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Energy

BP returns to traditional concepts for long-delayed Liberty oil field

  • Author: Yereth Rosen
    | Arctic
  • Updated: September 29, 2016
  • Published January 9, 2014

BP once touted its Liberty prospect in the Beaufort Sea as a marvel of ultra-extended-reach drilling technology that would show the world how distant offshore oil could be produced from wells drilled from the safety of land.

Not anymore.

BP is now hoping to develop Liberty the old-fashioned way -- with an artificial island constructed in the shallow and icy sea, with drill pads on that artificial island and with a subsea pipeline carrying produced crude from the wells drilled on that pad to the North Slope main pipeline network onshore.

The company has submitted an application to federal regulators for approval to work in the Beaufort Sea this spring to scope out potential sites for offshore drill pads and pipelines. The application, filed Dec.19 with federal regulators at the Bureau of Ocean Energy Management, outlines BP's plans to drill soils in the water and on land, and to examine the seafloor, in operations to be conducted from March to May.

BP intends to do geotechnical drilling in the Beaufort to evaluate soils, information needed to select drill pad and pipeline locations, and similar geotechnical drilling onshore to look for the optimal location to find fill material to use to build an island, according to the application.

The new approach replaces BP's ambitious plan to use what it claimed would be the world's longest extended-reach wells to tap Liberty's estimated 150 million barrels of recoverable oil. That plan, detailed in a 2007 application to BOEM's predecessor agency, the Minerals Management Service, won federal approval and some kudos from the North Slope Borough and Alaska Eskimo Whaling Commission, groups that considered a drill-from-land design less environmentally risky than the typical offshore development.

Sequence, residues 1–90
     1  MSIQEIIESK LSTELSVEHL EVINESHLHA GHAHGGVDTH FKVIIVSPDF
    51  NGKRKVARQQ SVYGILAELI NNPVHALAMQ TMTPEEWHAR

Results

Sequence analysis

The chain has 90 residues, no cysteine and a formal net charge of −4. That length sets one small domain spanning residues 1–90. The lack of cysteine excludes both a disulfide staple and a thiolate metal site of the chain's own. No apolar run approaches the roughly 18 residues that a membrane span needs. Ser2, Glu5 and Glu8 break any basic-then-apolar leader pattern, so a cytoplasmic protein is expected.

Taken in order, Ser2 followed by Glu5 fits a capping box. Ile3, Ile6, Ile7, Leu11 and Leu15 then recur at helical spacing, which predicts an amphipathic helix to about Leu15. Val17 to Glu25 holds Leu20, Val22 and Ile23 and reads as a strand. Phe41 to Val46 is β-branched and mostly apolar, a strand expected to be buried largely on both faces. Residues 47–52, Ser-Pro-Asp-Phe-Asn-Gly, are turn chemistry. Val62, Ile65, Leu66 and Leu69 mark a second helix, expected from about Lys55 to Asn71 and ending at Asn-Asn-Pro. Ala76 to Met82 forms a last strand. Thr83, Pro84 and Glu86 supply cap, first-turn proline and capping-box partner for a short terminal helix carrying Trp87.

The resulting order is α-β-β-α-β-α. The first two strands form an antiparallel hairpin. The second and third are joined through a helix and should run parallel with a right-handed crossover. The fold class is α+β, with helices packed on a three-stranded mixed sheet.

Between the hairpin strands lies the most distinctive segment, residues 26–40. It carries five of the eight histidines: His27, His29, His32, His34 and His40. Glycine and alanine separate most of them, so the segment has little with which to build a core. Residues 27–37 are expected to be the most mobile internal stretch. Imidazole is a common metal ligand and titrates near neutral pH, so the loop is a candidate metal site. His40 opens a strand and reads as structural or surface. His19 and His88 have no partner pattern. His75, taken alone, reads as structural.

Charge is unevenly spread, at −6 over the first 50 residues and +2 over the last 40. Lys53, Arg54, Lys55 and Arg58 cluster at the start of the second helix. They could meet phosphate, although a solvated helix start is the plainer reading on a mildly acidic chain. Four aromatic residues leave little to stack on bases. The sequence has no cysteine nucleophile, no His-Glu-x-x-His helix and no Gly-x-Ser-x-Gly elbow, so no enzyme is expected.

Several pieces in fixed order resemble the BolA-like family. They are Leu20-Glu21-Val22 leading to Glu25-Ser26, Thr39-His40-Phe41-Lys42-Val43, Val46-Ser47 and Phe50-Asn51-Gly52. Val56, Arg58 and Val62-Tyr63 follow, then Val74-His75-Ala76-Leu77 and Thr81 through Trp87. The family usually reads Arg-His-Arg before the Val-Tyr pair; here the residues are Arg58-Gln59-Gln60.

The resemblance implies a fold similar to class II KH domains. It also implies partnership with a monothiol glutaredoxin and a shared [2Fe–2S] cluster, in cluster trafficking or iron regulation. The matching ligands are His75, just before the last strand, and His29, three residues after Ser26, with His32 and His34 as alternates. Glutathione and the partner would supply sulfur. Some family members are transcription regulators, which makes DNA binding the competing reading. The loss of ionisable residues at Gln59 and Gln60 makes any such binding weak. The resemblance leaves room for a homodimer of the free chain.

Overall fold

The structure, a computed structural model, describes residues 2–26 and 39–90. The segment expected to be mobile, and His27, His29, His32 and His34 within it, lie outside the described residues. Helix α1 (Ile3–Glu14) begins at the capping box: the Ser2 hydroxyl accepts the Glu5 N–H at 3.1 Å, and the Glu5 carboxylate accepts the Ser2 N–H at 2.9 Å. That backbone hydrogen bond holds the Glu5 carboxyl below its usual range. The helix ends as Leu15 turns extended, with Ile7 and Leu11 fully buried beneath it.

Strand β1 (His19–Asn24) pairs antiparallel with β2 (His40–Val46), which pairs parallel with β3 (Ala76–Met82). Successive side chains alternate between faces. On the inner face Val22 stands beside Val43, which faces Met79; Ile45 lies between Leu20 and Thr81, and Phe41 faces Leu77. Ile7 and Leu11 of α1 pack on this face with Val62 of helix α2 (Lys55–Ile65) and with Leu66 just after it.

BP boasted repeatedly that its Liberty development plan, with wells expected to stretch eight miles horizontally, would set new standards for the oil industry. The company touted Liberty in brochures, in presentations by corporate officials and on television commercials aired in Alaska, and said first production would come by 2011.

Liberty would have been the first producing oil field located entirely in federal waters off Alaska.

But numerous problems arose, and BP in 2012 temporarily shelved Liberty.

A custom rig built for BP by Parker Drilling, intended to have the power to drill the horizontal distances planned for Liberty, turned out to be a flop. The Deepwater Horizon oil spill disaster in the Gulf of Mexico resulted in new scrutiny of all offshore plans, especially those of BP, and raised questions about the yet-untested ultra-extended-reach drilling. And BP made some financial recalculations, concluding that Liberty was too expensive to pursue as intended in that plan.

It would be too costly to correct the rig's problems "and bring it up to our standards and bring it up to DOI standards," said BP spokeswoman Dawn Patience. The rig remains on the North Slope, she said.

BOEM and its sister Department of Interior agency, the Bureau of Safety and Environmental Enforcement, have granted BP an extension on Liberty and another chance to form a development plan. BSEE has now set a deadline for first production by the end of 2020.

BP intends to follow through, Patience said. "We will submit a revised development and production plan by the end of 2014," she said.

If so, it will be the third full development plan for Liberty. The first plan, submitted in 1998 and approved by the MMS, envisioned a traditional offshore island and stand-alone production facility, similar to the way BP developed its Northstar field in the 1990s. That plan was dropped in 2002.

Despite all the delays, BP has been expressing some new optimism about Liberty. In a 2012 letter to BSEE, BP Exploration (Alaska) Inc. President John Minge said opting for the traditional stand-alone island development instead of using ultra-extended-reach drilling could be increasing Liberty's oil recovery by up to 15 percent. He cited BP's past experience constructing offshore islands for oil production on the North Slope, and said BP "remains undeterred and committed to developing the Liberty unit."

Contact Yereth Rosen at yereth@alaskadispatch.com

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